The President of the Cretan Federation of Australia and New Zealand (CFANZ), Tony Tsourdalakis, was slapped with a personal safety intervention order by a Victorian magistrate on Thursday, November 16.
Mr Tsourdalakis was before the Ringwood Magistrates Court on Thursday after allegedly threatening to incite violence on former President of the Pancretan Association of Melbourne, Emanuel Starakis.
In an open letter published in The Greek Herald in July, Mr Starakis voiced concerns around the more than $30,000 in earthquake relief funds raised by the CFANZ and the Pancretan Association in 2021. Mr Starakis wrote that he wanted answers from Mr Tsourdalakis and his Board about where these funds had been allocated after it was announced they were given to the Greek Orthodox Archdiocese of Crete.
Following the publication of this letter, Mr Tsourdalakis was arrested after Victoria Police were made aware of an alleged threat he made against Mr Starakis.
No criminal charges have been laid at this stage but legal proceedings were launched for a personal safety intervention order.
On Thursday, Mr Starakis told the Magistrates Court via video link that Mr Tsourdalakis had reportedly sent a text message to a mutual friend which was perceived as threatening.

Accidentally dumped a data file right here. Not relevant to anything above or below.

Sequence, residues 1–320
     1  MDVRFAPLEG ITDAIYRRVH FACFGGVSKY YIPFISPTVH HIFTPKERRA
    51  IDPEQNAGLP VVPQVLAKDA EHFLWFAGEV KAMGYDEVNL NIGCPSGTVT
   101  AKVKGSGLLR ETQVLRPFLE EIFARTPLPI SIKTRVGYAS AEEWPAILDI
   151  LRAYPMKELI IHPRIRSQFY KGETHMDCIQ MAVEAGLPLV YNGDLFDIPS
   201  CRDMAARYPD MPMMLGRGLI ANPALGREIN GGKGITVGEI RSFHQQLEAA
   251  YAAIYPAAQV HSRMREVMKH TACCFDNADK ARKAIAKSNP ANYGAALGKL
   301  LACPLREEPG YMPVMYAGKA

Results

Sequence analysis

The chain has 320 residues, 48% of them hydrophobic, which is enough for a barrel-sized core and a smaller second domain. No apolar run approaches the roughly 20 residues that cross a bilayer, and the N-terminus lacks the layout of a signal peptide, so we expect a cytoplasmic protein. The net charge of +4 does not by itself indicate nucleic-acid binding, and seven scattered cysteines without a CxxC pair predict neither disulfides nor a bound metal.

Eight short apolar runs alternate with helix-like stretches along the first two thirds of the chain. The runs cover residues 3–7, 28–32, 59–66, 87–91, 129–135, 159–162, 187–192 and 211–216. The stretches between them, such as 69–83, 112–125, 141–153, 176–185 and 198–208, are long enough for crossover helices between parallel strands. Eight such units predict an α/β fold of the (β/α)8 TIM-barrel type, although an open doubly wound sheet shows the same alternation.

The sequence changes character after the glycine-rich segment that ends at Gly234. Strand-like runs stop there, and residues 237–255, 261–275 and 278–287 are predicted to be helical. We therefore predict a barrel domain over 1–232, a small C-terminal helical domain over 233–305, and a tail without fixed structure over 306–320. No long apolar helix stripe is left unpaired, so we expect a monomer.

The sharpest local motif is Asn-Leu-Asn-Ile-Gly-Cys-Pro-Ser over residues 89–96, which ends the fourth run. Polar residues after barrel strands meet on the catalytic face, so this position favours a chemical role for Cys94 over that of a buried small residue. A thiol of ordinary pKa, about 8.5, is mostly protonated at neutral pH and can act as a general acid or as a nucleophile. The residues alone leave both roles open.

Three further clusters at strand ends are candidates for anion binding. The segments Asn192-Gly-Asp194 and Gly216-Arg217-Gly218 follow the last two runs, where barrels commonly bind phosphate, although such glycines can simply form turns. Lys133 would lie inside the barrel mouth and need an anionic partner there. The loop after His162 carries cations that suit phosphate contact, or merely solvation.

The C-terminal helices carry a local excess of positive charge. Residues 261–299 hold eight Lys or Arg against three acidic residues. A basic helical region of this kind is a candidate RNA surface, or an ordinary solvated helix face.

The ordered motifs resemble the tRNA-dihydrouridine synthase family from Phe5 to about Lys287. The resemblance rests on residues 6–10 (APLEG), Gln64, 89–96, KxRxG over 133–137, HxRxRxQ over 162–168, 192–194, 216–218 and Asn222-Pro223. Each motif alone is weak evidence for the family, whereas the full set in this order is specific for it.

“The friend was asked to go find someone who Mr Tsourdalakis could pay, and I’m quoting verbatim, ‘who I can pay to break Starakis’ arms and legs’,” Mr Starakis told the court.
Mr Tsourdalakis’ lawyer said “there was no immediacy” with respect to an intervention order because there were no prior issues between the pair and Mr Tsourdalakis was “well-regarded” within Melbourne’s Greek community, so the threat “was likely never to happen again.”
Besides being the current President of the CFANZ, Mr Tsourdalakis is also a Director at St Basil’s Homes for the Aged in Victoria; Board Member at AGAPI Care; President of the Inter-communities Council of Victoria; Member of the Board of Directors of “Aetolian College”; Chairman of the Victorian 2021 Bicentenary Committee; and Chairman of the Victorian Council for Greek National Day.
In response, the Judge said even though the alleged threat had been made to a mutual friend and not Mr Starakis, the threat had still been made and it was an immediate cause for concern.
When handing down his interim order, the judge said Mr Tsourdalakis must not have any contact with Mr Starakis and cannot be within 200 metres of where he lives or works. He must also remain within 5 metres of him.
Mr Tsourdalakis’ lawyer argued that in instances where Mr Tsourdalakis and Mr Starakis attended events of mutual interest within the Greek and Cretan community, the 5 metre restriction was not acceptable. The Judge said in those instances, the restriction would be reduced to 2 metres.
“A breach of these orders are a criminal offence, Mr Tsourdalakis,” the Judge concluded.
The case will be before the courts again in February.